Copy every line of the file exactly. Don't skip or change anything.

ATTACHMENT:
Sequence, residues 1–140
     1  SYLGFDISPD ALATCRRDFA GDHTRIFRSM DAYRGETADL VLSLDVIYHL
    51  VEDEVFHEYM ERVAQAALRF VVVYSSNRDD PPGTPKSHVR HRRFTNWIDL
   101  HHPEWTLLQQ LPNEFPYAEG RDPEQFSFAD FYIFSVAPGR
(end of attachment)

Sequence, residues 1–140
     1  SYLGFDISPD ALATCRRDFA GDHTRIFRSM DAYRGETADL VLSLDVIYHL
    51  VEDEVFHEYM ERVAQAALRF VVVYSSNRDD PPGTPKSHVR HRRFTNWIDL
   101  HHPEWTLLQQ LPNEFPYAEG RDPEQFSFAD FYIFSVAPGR